After two months spent hounding Arno Matz, a young photographer slowly gaining attention for his work documenting the homeless population, I was growing tired of unanswered calls. In search of a theme for my next article, Arno came highly recommended by a local store owner, if only I could reach the man. And then, finally, it happened – the silence contracted, the lights flickered, my skull buckled, I think the ceiling even shook because Arno Matz responded. Finally, it all made sense. Arno is a busy man – not to mention husband and father – humbled to hear anyone taking interest in his art.
Inviting me over to his Olympia apartment, Arno was quick with the hospitality, offering an amends of food and drink at the door. I gratefully accepted a quinoa stew, which I nursed while we conversed about art and healthy living. By the time we got around to discussing his photography, Arno was ushering his daughter from her plastic merry-go-round in the living room to her bed while speaking in German, his native tongue.
Arno Matz grew up in Malente, a small rural town in picturesque northern Germany. His dad was a doctor, and his mom was a nurse in her husband’s office. They were married 14 years before Arno was conceived. When Arno was 12 years old, they emigrated to Mossy Rock. Upon arrival, he was pushed to grow up instantly, getting a job sorting x-rays in the doctor’s office.
Arno’s first foray into videography occurred later while creating snowboarding sponsor videos for his friends in high school. Extremely independent at a young age, he graduated high school a year early, eventually moving to Olympia to sell mobile phones for Smart Wireless. He was a natural salesman. Numerous snowboarding injuries, however, slowly initiated him into a habit of drug use. Painkillers were his entry pass into an abyss that was, he says, “not so much a speed bump or wall, but an imaginary line that is so easy to cross.”
Powered by Nietzschean ambition, Arno ultimately climbed to the position of district manager at Clear Wireless. When not analyzing sales metrics, Arno reveled in the vices of business culture: expensive cars, accessories and rampant promiscuity. Eventually feeling like, as he describes, “an animal with an unfathomable pit,” he left to become a personal banker for Wells Fargo, but the bank felt like an extension of the sales world.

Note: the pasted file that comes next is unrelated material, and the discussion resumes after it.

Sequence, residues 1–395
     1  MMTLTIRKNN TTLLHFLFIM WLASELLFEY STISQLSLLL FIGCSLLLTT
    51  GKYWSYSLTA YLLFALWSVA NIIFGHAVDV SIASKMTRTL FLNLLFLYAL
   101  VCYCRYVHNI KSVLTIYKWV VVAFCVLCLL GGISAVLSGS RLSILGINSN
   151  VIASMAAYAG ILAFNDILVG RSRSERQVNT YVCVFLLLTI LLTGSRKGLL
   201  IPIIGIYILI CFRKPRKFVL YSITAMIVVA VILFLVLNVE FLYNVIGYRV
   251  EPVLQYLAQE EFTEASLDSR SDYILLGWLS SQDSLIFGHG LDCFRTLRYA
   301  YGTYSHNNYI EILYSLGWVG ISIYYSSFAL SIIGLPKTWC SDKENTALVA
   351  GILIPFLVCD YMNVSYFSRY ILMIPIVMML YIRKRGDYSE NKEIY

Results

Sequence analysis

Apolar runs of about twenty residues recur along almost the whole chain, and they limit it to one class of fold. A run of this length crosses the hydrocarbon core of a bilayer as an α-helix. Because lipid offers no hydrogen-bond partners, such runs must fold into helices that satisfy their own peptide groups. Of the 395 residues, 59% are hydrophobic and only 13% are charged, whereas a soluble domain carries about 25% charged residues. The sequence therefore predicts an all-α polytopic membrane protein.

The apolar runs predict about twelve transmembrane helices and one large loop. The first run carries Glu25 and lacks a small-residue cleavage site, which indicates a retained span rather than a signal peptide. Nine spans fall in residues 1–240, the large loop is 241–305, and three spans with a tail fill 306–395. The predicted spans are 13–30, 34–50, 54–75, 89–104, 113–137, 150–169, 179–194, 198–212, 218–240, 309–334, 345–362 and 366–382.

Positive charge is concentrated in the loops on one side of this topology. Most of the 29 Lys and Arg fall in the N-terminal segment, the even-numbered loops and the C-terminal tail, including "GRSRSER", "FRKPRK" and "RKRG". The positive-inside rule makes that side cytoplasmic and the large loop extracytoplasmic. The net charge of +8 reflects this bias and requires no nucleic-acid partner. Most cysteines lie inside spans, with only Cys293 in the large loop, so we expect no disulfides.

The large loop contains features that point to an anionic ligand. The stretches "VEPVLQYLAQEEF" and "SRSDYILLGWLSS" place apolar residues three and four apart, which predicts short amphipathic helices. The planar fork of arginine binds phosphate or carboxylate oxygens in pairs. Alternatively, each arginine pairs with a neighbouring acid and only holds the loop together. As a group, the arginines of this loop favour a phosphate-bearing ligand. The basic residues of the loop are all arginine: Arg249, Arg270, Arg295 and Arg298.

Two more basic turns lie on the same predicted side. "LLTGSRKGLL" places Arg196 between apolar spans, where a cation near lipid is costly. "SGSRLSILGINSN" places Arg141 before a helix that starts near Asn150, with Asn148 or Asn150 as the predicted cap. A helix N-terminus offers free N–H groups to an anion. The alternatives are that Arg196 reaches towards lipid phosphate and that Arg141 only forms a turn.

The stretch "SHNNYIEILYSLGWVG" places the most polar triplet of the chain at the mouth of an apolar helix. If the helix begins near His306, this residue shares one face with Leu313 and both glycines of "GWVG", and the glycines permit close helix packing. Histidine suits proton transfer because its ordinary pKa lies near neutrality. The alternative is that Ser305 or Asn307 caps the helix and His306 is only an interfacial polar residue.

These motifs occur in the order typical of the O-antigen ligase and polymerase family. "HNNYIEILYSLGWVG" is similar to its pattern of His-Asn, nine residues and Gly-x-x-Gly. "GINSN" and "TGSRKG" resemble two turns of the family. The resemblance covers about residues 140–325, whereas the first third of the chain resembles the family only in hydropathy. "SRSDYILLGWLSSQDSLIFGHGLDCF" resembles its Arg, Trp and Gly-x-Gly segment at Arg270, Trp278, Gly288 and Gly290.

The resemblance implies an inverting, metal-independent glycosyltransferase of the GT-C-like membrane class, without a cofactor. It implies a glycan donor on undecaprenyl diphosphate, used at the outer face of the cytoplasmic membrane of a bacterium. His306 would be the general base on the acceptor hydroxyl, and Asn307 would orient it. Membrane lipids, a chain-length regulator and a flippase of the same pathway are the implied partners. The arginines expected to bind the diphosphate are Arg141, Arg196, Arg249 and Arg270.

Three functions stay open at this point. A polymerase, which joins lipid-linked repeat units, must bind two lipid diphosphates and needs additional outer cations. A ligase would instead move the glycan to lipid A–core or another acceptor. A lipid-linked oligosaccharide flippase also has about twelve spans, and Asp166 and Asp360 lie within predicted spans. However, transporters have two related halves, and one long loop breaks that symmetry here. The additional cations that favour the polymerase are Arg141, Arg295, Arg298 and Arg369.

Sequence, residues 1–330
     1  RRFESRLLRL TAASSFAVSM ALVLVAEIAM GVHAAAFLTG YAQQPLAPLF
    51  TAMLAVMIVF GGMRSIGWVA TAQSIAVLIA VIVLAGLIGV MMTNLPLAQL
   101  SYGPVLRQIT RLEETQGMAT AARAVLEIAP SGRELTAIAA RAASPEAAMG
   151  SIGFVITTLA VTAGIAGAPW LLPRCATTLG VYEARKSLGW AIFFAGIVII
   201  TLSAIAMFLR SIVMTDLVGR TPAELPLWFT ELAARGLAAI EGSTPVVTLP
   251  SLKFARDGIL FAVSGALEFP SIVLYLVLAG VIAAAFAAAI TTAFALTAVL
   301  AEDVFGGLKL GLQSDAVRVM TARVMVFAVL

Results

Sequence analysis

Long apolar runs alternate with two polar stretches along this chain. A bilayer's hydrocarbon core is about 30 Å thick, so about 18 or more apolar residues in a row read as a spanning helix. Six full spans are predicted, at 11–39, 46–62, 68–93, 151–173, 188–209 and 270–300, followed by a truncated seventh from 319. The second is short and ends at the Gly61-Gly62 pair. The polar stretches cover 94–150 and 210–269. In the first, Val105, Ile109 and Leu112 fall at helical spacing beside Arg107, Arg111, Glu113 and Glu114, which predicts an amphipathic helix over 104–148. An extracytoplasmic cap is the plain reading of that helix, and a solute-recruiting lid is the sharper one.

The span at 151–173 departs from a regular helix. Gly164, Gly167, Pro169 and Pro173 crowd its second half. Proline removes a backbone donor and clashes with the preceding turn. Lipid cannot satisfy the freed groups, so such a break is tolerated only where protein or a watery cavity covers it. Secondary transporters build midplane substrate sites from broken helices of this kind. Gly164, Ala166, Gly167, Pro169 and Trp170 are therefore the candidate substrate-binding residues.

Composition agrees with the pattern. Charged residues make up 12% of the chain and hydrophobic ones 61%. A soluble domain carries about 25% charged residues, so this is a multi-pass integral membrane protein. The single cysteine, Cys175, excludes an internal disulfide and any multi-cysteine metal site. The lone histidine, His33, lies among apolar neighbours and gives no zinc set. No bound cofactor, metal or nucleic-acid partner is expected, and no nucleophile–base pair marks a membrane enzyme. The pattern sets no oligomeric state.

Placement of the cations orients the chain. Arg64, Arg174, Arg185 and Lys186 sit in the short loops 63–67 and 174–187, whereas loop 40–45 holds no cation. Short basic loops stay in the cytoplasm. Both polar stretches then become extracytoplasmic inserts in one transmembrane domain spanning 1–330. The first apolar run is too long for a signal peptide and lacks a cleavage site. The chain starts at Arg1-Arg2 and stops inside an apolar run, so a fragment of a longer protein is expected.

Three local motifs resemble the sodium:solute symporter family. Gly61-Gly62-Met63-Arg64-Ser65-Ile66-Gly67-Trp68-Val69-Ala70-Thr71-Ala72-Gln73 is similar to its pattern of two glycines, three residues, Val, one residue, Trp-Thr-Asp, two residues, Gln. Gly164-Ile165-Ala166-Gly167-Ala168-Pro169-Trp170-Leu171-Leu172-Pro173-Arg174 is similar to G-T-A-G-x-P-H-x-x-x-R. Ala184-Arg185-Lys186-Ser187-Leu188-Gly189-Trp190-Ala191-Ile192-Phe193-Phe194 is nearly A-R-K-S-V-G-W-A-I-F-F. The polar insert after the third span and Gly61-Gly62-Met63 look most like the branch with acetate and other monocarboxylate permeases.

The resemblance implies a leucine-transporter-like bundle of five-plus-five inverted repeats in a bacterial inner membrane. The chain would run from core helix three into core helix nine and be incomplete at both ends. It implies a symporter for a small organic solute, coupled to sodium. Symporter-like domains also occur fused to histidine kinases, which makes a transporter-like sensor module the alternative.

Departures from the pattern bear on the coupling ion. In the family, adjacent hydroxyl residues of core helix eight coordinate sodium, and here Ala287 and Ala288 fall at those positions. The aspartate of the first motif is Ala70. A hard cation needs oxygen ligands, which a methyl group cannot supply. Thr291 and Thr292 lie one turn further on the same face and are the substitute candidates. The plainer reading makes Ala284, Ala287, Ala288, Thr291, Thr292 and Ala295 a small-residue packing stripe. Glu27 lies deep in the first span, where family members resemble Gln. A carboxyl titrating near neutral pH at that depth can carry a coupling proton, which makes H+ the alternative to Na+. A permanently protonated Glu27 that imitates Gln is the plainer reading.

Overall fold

Then one day a regular customer took Arno’s hand, pulled him aside and offered the pointed advice that he should live his dream before it was too late. Newly married with a one-year-old daughter, he quit banking, moving his family to Maui for six months. Yet the temptations remained, so a bout of hitchhiking and train hopping ensued. With the soul-searching settled, he worked next as a server at Applebee’s where he met a co-worker in need of video help for an upcoming event. The project taught Arno that he was capable of working on his own. And so he did.
During his daughter’s first birthday party, however, Arno had a seizure. To complicate matters, he was later diagnosed with radial palsy. When a pinched nerve led to a medical leave of absence, Arno left for Germany, building a portfolio with the use of a single hand. Feeling renewed, he returned to the United States ready to live his dream: working weddings and even shooting video for the Sasquatch Music Festival.
After four years chasing his dream, Arno currently makes a living from his freelance commercial work. Arno’s Sonder project, meanwhile, reflects his socially conscious side, too – exploring the hidden stories behind homelessness, a pursuit spurred, he says, by the premise that “every passerby has a life that is just as real and vivid as our own.”
Recognizing that we are all victims and perpetrators of our own identity, Arno notes that his subjects seem to perform for the camera – portraying a procession of faces ranging from guarded to hardened as each shutter clicks. Somewhere in the nebulous cracks between the person and the persona, between a smile and a scowl, Arno captures moments of vulnerability beyond our socially sanctioned veils, revealing people not as homeless and helpless, but hopeful and homeward bound.
Arno’s mother once recalled a time in second grade when he defended a handicap student being teased by a couple of older students. Arno supposedly stood up for the kid but received a thrashing in the process. Much like his younger self, he continues to serve people – albeit standing witness now with a camera lens.
Although the Sonder project has yet to receive wider recognition, Arno plans on persisting until the world takes notice, citing R. U. Darby’s oft-quoted self-help story (“Three Feet Short From Gold”) as inspiration. During the gold rush a group of miners prematurely abandoned a gold vein, believing that the gold vein had nothing more to offer. Frustrated, R. U. Darby and his group sold their land and equipment to the “junk” man on duty, who then wisely sought counsel. When the counsel confirmed that gold was still there (just three feet from where R. U. Darby had left off), the “junk” man struck it rich, on his own.
While Arno’s work promotes the value of all human relations, his life reminds us to push a little further where others fall just short. Do not stop three feet from gold. The vein is rich; the vein is here. Visit the New Caledonia Building to see Arno’s work displayed during Spring Arts Walk on April 28, 5:00 – 10:00 p.m. and April 29, 12:00 – 8:00 p.m.